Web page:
'Friendly fire': A question of how you fix it

April 25, 1994|By Ann LoLordo | Ann LoLordo,Sun Staff Writer

In the desert darkness of the Persian Gulf, Army Lt. Col. Ralph Hayles fired the missiles that obliterated two armored vehicles, killing two young American soldiers. But don't ask him how he feels about this incident they call "friendly fire." Don't ask him that question.

"The question is not, 'How do you feel?' The question is, 'How do you fix it?' " says Mr. Hayles, whose tragic error on the eve of the Desert Storm ground war in 1991 cost him the command of an elite Apache helicopter unit and exposed his private pain to public scrutiny.

Since two Air Force pilots mistakenly shot down two U.S. Black Hawk helicopters April 15, killing all 26 aboard, the telephone in Mr. Hayles' San Antonio home has been ringing. The callers ask the retired lieutenant colonel to relive his own fatal mistake, and by way of example, illustrate the personal pain of what has become a very public tragedy.

His feelings -- which he steadfastly refuses to discuss -- are not the issue, the 44-year-old father of two says.

"You lock a million dollar missile on a target and it just disintegrates and people don't have a chance. We don't have the electronic equipment to stop that," said Mr. Hayles, who now conducts leadership training for corporate executives. "As long as the government keeps us talking about the empathy and the sorrow, they've got us off the central issue."

In an era in which the United States' war machine is so sophisticated that it rarely misses, Mr. Hayles said U.S. aircraft should be outfitted with special devices that automatically identify vehicles as friend or foe. In the recent incident over northern Iraq, the Black Hawks didn't answer an electronic inquiry from the F-15 pilots, asking them to identify themselves as friend or foe. An investigation will determine if the failure to respond was a mechanical glitch or human error.

Although incidents of "friendly fire" date to the Revolutionary War (George Washington wrote about such cases from his own experience), it's only been since the Persian Gulf conflict that the Army has tried to systematically account for such incidents, said Col. David M. Sa'adah, a member of a special panel formed in the wake of Desert Storm to develop countermeasures to friendly fire.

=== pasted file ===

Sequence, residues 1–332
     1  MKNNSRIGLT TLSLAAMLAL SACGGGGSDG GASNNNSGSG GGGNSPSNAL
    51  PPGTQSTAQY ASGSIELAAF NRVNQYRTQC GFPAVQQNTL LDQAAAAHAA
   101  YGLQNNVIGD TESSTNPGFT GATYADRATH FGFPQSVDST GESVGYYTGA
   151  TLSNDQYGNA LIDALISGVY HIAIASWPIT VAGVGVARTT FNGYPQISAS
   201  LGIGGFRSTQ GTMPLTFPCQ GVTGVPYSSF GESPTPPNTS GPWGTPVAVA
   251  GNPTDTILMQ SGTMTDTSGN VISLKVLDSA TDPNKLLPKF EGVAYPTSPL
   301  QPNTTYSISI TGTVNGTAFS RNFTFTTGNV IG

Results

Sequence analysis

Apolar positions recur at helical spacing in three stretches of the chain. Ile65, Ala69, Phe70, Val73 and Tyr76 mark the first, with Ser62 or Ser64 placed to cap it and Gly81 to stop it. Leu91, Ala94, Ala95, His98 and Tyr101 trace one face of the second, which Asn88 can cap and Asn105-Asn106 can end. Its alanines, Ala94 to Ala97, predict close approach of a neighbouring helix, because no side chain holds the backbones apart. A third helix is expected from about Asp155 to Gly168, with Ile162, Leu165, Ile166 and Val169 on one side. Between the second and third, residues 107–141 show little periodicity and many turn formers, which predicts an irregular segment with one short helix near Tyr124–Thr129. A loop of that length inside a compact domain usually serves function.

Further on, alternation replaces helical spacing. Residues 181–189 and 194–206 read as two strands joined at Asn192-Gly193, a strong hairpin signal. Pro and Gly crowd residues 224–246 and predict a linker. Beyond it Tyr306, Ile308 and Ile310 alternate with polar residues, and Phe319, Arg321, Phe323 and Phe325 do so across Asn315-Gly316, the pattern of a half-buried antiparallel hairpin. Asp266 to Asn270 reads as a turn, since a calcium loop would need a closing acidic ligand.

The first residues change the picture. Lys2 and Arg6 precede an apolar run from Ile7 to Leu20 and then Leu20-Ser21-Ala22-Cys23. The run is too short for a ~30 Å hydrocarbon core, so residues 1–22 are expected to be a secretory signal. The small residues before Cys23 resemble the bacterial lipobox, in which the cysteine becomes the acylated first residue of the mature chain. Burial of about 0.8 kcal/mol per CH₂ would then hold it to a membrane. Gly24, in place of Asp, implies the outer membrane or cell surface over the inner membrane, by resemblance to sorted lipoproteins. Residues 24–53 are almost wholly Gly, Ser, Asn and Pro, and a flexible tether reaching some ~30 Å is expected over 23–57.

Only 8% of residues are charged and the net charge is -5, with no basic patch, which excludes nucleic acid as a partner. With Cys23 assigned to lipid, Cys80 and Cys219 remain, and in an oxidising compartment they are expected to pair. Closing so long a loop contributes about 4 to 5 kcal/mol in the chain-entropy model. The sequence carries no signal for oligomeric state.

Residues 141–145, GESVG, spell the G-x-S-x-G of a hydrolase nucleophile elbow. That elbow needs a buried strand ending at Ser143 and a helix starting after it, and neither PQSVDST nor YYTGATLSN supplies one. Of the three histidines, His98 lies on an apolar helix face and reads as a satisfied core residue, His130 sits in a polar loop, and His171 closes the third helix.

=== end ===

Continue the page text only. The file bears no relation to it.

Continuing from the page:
In the past, a witness to a casualty had the option of reporting it as "hostile" or "not hostile," he said. Now that report form includes the phrase "friendly fire," said Colonel Sa'adah, a physician who has researched the history of friendly fire.

Of all the military branches, the Army suffered the greatest losses to friendly fire in the Persian Gulf: 21 killed and 65 wounded. The military total was 35 dead and 72 wounded.

While military committees are at work to try to reduce the incidence of friendly fire, the emotional pitfalls of the phenomenon have been much less studied. There are no special counseling programs for service members involved in the incidents, according to spokesmen for the armed services. Those who want help may be referred to a psychologist, chaplain or social worker, said Lt. Col. Michael R. Gannon, an Air Force spokesman.

In Chicago, where he counsels veterans who suffer from post-traumatic stress syndrome, Dr. Howard J. Lipke said servicemen involved in friendly fire incidents have a tougher time talking about their experiences. They worry about the reaction of their fellow veterans.

"It's one of the last things anybody ever talks about. You deal with a lot of issues before that," said Dr. Lipke, who counseled his first Vietnam War veteran in 1972.

Daniel T. Merlis, director of the war stress recovery program at the Department of Veterans Affairs Medical Center in Baltimore, understands the reluctance.

The unthinkable

"When you think about friendly fire, there's nothing friendly about it," said Mr. Merlis. "When you kill your own you have done the unthinkable. The closer they are to your own, the more unthinkable."

But he added: "These situations are usually very complex. You've got enormously powerful weapons systems that respond commands instantaneously. And the deployment of the weapons systems are dependent upon information [systems] that are subject to breakdown. And the humans involved in deployment are extraordinarily stressed."

Dr. Steve Silver has seen the effects of friendly fire, both from the cabin of a Phantom jet fighter and an office at a veterans hospital. A psychologist and Vietnam War veteran, Dr. Silver oversees a post-traumatic stress program at the Veterans Administration Medical Center in Coatesville, Pa.

"When you're in the military, especially in combat, you're a member of a family," he said. "I don't know these F-15 [pilots]. I'm sure they are having a lot of trouble holding meals down now. I'm sure they are tearing themselves inside out trying to figure out what they did wrong . . . ."

15% of casualties

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